Lessons Learned

This issue was caused by inadequate attention to transitional issues - issues likely readily apparent to a DBA but outside the immediate knowledge base of a SharePoint administrator.  Once the original SharePoint administrator left the project, and before I was permanently assigned to supporting this SharePoint instance, there had been other SharePoint administrators temporarily assigned to it and who delt with problems as they came up.  And the results of their solutions were evident as I delved deeper into this problem - no criticism of their efforts: their efforts resolved the immediate problem (archiving log files, moving the log file to a new disk, etc) given limited availability to attend to the problem, but did not go to the heart of the problem, which essentially involved a change in requirements.  The requirement is: shall be able to recover the database without loss of data in the event of failure.  Effectively meeting this requirement depends upon circumstances.  Codifying what I've learned and summing it all up leaves me with the following:
  • Shall be able to recover the database without loss of data in the event of failure:
    • Scenario A: dynamic critical content
      • Recovery model: full
      • Backup plan: daily, weekly, monthly as appropriate
    • Scenario B: static critical content
      • Recovery model: simple
      • Backup plan: one-time or annual, as appropriate
This lessons-learned would be well-appreciated and known to any experienced and competent DBA.  But this small farm was not assisted by a DBA: it was the SharePoint administrator's responsibility to handle everything.  Reflecting on all that was done to resolve this error, I was struck by the importance of SharePoint administrators having significant experience in other technologies impacting SharePoint, in this case database administration. 


This concludes this article on one approach to troubleshooting Application Error 9002.  I hope that you found it useful with regard to your own troubleshooting efforts.  By the way, if you happen to know a Microsoft reference discussing database configuration defaults during installation of SharePoint - particularly recovery model defaults - please leave a note.  Jameson's article was the first such structured reference to how the SharePoint installation engine configures the databases that I had come across [14], and many thanks to him for documenting it.  However, I would like to find a reference to these configuration details somewhere in the actual Microsoft SharePoint documentation.  Happy Computing!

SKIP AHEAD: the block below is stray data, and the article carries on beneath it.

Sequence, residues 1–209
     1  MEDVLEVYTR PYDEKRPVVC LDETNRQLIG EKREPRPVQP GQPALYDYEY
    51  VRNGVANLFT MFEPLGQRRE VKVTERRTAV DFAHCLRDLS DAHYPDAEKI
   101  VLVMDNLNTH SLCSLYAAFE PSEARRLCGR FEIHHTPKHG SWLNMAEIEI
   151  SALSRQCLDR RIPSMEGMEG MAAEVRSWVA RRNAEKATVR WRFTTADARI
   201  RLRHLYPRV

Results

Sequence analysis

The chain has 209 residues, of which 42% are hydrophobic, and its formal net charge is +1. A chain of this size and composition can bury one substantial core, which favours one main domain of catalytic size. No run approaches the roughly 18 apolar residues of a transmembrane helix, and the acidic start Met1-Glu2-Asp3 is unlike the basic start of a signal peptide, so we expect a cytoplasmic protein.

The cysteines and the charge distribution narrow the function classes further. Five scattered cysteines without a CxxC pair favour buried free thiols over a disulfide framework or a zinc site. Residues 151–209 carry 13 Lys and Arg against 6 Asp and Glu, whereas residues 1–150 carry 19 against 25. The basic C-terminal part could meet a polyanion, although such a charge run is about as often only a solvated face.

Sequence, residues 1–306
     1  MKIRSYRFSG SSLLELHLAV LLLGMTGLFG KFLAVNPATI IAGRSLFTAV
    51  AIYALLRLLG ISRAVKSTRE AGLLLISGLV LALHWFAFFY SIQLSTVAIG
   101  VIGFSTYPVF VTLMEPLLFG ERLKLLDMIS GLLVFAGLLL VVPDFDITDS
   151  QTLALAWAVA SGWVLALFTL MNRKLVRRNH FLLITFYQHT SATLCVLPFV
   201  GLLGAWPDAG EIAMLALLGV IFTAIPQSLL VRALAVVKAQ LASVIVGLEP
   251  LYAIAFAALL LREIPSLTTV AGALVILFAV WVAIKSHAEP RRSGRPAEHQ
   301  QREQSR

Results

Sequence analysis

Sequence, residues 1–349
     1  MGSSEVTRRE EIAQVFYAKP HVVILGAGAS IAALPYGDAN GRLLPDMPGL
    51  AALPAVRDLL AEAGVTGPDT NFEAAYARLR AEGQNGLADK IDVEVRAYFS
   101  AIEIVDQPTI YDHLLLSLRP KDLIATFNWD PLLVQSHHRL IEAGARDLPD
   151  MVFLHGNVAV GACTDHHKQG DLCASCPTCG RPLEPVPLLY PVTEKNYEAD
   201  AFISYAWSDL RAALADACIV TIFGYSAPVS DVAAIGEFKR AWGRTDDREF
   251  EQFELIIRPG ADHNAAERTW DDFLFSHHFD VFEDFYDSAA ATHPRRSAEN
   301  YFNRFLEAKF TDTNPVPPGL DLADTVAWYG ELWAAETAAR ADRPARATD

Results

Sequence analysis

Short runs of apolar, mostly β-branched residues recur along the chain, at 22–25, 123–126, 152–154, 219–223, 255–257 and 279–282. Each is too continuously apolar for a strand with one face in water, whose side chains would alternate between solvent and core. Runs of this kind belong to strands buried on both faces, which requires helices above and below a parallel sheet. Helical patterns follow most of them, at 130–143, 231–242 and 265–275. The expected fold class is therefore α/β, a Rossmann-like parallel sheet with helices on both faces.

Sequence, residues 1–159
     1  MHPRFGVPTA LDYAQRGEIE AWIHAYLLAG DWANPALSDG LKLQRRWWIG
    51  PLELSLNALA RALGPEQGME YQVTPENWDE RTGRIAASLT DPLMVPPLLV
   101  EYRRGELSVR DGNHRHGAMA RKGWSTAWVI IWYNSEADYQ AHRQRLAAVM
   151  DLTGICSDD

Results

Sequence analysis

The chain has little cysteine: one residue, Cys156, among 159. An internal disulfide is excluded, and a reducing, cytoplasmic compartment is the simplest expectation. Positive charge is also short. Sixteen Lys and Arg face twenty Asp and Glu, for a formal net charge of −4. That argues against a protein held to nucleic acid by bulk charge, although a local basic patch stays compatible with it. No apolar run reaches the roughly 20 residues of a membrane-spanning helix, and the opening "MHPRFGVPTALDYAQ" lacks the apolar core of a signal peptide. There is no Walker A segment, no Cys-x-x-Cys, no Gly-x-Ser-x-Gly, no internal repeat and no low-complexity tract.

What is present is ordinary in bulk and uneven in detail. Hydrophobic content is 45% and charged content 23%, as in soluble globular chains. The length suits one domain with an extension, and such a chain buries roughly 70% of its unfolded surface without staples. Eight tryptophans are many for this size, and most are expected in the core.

1. Microsoft TechNet: SharePoint Server 2007
  2. Microsoft TechNet: Locking down Office SharePoint Server sites
  3. MSDN: Troubleshooting a Full Transaction Log (Error 9002)
  4. MSDN - SQL Server 2008 R2: Adding and Deleting Data and Transaction Log Files
  5. Microsoft Support (873235): Recover from a full transaction log in a SQL Server database
  6. Microsoft Support (317375): A transaction log grows unexpectedly or becomes full on a computer that is running SQL Server
  7. SQLAuthority: SQL SERVER – Shrinking Truncate Log File – Log Full
  9. JMPInline: How to empty a SQL Server database transaction log file
  10. StackOverflow: How do you clear the transaction log in a SQL Server 2005 database?
  11. Michael Van Cleave: Very Large SharePoint Database Files
  12. MSDN: How to: View or Change the Recovery Model of a Database (SQL Server Management Studio)
  13. Microsoft SharePoint Forums: sql recovery models for sharepoint databases
  14. MSDN Blogs: Random Musings of Jeremy Jameson: Default Recovery Models for SharePoint Databases
  15. TechNet Blogs: SharePoint Shenanigans: Setting the Recovery Model of all SharePoint Databases
  16. TechNet Blogs: Jose Barreto's Blog: Maintaining your MOSS 2007 SQL Databases
  17. TechNet Magazine: Paul S. Randal: Understanding SQL Server Backups
  18. TechNet: SharePoint Server 2007: Backup, Recovery, and Availability Resource Center for Microsoft Office SharePoint Server 2007
  19. MSSQLTips: SQL Server Simple Recovery Model
  20. MSDN Blogs: Sharing SharePoint: Back Up and Restore by Using Stsadm
  21. Restarting Your SQL Error Logs Using Sp_Cycle_ErrorLog,, Don Hite
  • None

1 comment:

Anonymous said...

I've to confess that i sometimes get bored to read the entire thing however i think you'll be able to add some value. Bravo !